After earlier setting forth Dr. Onamusi's findings on his physical examination of Lottie, the ALJ later noted Dr. Onamusi's conclusion that Lottie could perform sedentary level work. The ALJ gave only little weight to that opinion as “inconsistent with the medical record as a whole, which shows generally normal and unremarkable physical examination findings.” [AR at 25, 27.] No explanatory discussion is included in support of this critical determination by the ALJ. Instead, he merely cites to a list of exhibits in the administrative record, including Dr. Onamusi's own report. [AR at 27.]

         This approach does not provide an explanation of the ALJ's analysis sufficient to permit a meaningful review. Furthermore, the skeletal citation only to a list of exhibits that support the ALJ's conclusion contrary to the examining physician may constitute the sort of “cherry-picking” of supportive evidence that the Circuit has repeatedly criticized, as well as a failure to acknowledge and address significant contrary evidence. Yurt v. Colvin, 758 F.3d 850, 860 (7th Cir. 2014); Moore v. Colvin, 743 F.3d 1118, 1124 (7thCir. 2014). The scanty treatment fails to provide the required “logical bridge” between the evidence and the ALJ's conclusion that Dr. Onamusi's opinion should be given little weight, and less weight than that of Drs. Ruiz and Corcoran.

         Besides challenging the adequacy of the ALJ's analysis of Dr. Onamusi's opinion, Lottie also challenges the ALJ's acceptance of the conclusions of the non-examining doctors Diaz and Corcoran over that of Dr. Onamusi, who had the benefit of examining Lottie. The applicable regulations provide that, generally speaking, more weight is given to the opinion of a doctor who examined the claimant than to one who has not. 20 C.F.R. §404.1527(c)(1), 416.927(c)(1). Nonetheless, “[a]s a general rule, an ALJ is not required to credit the agency's examining physician in the face of a contrary opinion from a later reviewer or other compelling evidence.” Beardsley v. Colvin, 758 F.3d 834, 839 (7th Cir. 2014). But “rejecting or discounting the opinion of the agency's own examining physician...can be expected to cause a reviewing court to take notice and await a good explanation for this unusual step.” Id. See also Gudgel v. Barnhart, 345 F.3d 467, 470 (7th Cir. 2003) (“An ALJ can reject an examining physician's opinion only for reasons supported by substantial evidence in the record; a contradictory opinion of a non-examining physician does not, by itself, suffice.”) These authorities highlight the inadequacy of the ALJ's treatment of the opinions of the three consulting doctors.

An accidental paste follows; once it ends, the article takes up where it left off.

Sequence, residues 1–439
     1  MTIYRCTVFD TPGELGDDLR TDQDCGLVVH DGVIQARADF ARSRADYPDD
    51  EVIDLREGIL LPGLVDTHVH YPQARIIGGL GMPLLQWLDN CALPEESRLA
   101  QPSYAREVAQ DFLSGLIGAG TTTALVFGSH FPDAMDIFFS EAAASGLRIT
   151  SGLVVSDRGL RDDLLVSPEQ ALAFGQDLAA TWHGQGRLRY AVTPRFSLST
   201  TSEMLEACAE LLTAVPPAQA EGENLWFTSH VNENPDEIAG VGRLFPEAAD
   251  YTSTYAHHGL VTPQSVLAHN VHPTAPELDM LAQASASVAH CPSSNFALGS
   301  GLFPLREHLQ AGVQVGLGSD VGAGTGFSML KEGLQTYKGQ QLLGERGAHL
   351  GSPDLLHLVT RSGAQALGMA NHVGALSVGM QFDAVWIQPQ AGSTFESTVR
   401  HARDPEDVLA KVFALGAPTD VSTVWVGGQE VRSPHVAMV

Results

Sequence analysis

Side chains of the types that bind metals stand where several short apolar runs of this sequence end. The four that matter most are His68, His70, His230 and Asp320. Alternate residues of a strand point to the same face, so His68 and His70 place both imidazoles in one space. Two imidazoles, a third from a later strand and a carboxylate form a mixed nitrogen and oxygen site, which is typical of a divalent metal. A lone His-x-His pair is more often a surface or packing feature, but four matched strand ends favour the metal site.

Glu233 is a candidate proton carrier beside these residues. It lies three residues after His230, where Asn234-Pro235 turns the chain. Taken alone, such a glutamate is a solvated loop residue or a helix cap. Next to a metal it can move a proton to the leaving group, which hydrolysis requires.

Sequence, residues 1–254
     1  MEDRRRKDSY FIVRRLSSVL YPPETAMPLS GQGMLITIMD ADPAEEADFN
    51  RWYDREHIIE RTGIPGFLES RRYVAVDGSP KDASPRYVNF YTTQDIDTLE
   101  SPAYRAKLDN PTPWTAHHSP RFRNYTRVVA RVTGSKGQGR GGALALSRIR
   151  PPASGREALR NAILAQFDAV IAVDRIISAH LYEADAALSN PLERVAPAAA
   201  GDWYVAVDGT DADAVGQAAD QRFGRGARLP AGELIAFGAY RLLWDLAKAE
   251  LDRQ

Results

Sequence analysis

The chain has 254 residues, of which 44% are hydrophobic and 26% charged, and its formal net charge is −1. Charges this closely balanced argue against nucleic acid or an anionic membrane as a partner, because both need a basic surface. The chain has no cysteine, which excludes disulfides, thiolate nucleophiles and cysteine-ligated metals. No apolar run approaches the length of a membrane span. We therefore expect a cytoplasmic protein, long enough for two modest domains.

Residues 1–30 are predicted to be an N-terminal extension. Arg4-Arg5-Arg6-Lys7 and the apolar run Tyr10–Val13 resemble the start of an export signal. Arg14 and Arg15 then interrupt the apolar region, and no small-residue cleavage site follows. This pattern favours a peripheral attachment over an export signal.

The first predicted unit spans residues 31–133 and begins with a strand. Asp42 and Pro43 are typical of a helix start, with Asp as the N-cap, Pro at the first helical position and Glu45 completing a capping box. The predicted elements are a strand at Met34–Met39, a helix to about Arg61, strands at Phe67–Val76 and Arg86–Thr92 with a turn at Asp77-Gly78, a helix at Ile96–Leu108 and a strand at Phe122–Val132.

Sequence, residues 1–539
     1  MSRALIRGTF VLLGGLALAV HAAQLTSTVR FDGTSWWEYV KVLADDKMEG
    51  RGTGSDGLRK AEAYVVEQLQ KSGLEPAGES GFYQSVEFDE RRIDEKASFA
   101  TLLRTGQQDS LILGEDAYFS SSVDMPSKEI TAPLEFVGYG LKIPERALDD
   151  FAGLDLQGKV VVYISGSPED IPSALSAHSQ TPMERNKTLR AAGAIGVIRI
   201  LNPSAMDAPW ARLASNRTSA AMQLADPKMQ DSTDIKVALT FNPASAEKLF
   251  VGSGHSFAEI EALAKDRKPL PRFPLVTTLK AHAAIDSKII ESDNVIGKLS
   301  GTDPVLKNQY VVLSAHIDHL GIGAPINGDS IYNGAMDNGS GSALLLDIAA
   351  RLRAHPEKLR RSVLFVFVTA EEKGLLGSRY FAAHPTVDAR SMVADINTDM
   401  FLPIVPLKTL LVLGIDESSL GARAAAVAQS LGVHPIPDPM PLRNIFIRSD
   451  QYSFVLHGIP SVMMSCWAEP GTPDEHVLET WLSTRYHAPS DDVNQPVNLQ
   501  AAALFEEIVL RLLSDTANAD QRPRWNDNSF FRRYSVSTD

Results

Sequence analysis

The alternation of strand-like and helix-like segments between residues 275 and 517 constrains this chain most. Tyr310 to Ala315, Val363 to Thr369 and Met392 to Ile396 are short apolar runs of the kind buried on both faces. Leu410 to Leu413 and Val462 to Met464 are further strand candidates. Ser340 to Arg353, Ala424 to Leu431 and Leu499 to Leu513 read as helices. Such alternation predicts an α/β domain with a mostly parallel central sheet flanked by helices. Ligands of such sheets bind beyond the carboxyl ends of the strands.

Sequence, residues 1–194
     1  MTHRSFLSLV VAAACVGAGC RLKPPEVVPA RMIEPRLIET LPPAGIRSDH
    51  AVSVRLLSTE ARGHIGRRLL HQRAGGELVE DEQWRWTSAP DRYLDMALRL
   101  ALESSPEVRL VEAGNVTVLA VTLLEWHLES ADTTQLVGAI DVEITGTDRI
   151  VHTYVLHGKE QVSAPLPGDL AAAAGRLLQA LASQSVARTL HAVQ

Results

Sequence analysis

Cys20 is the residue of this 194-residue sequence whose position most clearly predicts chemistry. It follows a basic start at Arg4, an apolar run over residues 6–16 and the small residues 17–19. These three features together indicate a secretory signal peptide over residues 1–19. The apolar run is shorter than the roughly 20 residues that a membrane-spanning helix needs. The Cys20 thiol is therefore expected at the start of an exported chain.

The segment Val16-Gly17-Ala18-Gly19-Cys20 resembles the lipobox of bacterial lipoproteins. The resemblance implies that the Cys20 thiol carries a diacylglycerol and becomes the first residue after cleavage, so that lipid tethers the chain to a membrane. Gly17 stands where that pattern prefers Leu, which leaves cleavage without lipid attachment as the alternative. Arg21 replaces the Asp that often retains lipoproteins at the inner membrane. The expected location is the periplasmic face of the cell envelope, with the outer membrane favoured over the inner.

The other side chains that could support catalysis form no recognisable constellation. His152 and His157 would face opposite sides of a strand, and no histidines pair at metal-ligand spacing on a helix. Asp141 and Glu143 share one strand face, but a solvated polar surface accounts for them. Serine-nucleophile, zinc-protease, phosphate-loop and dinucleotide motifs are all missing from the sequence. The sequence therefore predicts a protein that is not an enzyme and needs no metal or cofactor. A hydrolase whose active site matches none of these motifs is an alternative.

“In addition to relying on substantial evidence, the ALJ must also explain his analysis of the evidence with enough detail and clarity to permit meaningful appellate review.” Briscoe ex rel. Taylor v. Barnhart, 425 F.3d 345, 351 (7th Cir. 2005). The ALJ's use of boilerplate language and sweeping characterization of multiple medical records does not constitute even a “minimal articulation” of reasons for his relative weighing of Dr. Onamusi's opinion versus that of Doctors Ruiz and Corcoran. Skarbek v. Barnhart, 390 F.3d 500, 503-04 (7th Cir. 2004). The ALJ's failure to “provide a valid explanation for preferring the record reviewer's analysis over that of the agency's examining doctor” compels a remand of this case for further consideration by the Commissioner. Beardsley, 758 F.3d at 839.

         Issue Two: The ALJ's RFC Assessment

         Lottie's second challenge to the ALJ's decision is that he “failed to identify any evidence that supported the functional limitations” that he included in his assessment of Lottie's Residual Functional Capacity. RFC is the disability term for the description of what a claimant is able to do despite functional limitations from medical impairments, and represents the Commissioner's determination of the individual's “capacity to ...